Besides being a master philosopher, Acharya Shri is also a literary scholar. His most accomplished work is a 500-page epic poem “Muk Mati”. The title itself gave me an idea. Why not use ‘Mati’ (sand) to recreate the happenings. Sand Art is a very captivating and unique art form, and we needed a master artist for this, thus began our search for one.

Rummaging through Google for ‘best sand artist’, we came across Fatmir Mura, an Italian Sand Artist, living all the way in Florence. We were floored by his style and the intricacy he brought out in his works which we saw on YouTube. We randomly messaged him through Facebook messenger and promptly got a reply. That’s how our ‘long-distance relationship’ started.

Vidhi Kasliwal

Non-Indian getting to know Acharya Vidyasagar:

It was going to be a long drawn, challenging task. Almost 35% of the visuals were going to be Sand Art, so they needed to be engaging. They needed to convey very specific stories and emotions, so they had to be detailed and nuanced. All the facts had to be accurate, so we had to be prepared for a lot of back and forth. The subject was steeped in Indian culture, so we had to have patience – for us to explain the smallest of details and for him to get a hang of them.

As expected, we took 2 years to complete the Sand Art. But what has been achieved is beyond our expectations. What started out as rough sketches, turned into beautiful symphonies of sand. Hats off to Fatmir to have the persistence and intelligence to grasp such foreign things for him – like the attire of Indian women, the writing of words like ‘shree’ in Devanagri script, and so on. So much so that on seeing the sequences, not a single person can guess that they have been done by a non-Indian. Thus, proving his artistic mastery over emotions and instincts.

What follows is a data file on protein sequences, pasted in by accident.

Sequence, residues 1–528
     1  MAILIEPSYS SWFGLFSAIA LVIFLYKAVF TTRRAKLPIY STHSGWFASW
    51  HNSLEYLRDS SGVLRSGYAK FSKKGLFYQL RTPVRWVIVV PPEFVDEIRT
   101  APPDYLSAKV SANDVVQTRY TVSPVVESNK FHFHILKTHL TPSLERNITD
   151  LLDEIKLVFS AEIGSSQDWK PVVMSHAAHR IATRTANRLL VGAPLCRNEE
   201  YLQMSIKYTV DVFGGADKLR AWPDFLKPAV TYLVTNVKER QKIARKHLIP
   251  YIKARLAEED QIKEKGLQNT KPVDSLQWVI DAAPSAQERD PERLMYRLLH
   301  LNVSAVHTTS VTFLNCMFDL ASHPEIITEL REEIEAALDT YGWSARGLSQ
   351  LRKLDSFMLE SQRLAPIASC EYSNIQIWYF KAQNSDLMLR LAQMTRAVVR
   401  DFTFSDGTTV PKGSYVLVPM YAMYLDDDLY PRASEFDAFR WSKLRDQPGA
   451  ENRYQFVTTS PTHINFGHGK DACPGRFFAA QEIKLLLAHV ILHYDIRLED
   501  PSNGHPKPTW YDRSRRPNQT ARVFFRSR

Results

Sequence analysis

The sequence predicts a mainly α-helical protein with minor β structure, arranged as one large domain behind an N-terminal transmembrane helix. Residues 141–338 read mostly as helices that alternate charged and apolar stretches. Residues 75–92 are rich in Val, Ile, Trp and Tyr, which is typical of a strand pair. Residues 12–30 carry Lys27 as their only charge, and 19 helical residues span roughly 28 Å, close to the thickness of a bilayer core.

Life story engaging enough for the youngsters:

We wanted the film to be a factual representation of Acharya Shri and his journey. Sometimes facts can get quite repetitive and boring, but that is not the case here at all. Every aspect, every chapter of his life is so engaging that it could almost feel like fiction, but believe you me, we didn’t need to embellish at all.

Nowadays, with exposure to digital platforms on the rise, the popularity of different content including non-fiction documentaries has increased and found loyal audiences especially in the youth. And I’m confident that youngsters will find ‘Vidyoday’ a compelling and insightful watch.

Message not confined to Jainism:
Besides being a religious leader, he is a philosopher and an author par excellence with a keen sense of humour. Being completely up-to-date, he is fully aware of the challenges we face in today’s times and he offers practical solutions on how to face them. I strongly feel that people will connect with him on a level beyond religion, cause what he says is not only confined to Jainism, but covers principles of equality, non-violence, working hard, etc., all of which can help us lead better and deeper lives.

About the release of the film:

This is a one-of-a-kind film, more like an audio-visual documentation on Acharya Vidyasagar ji Maharaj. The life cycle of such a film is posterity and our ultimate goal would be to have it on a digital platform for generations to stream it as and when.

As for now, we are concentrating on theatrical screenings. It’s not a regular theatrical release, but more like an on-demand theatrical release.

  • By: Keyur Seta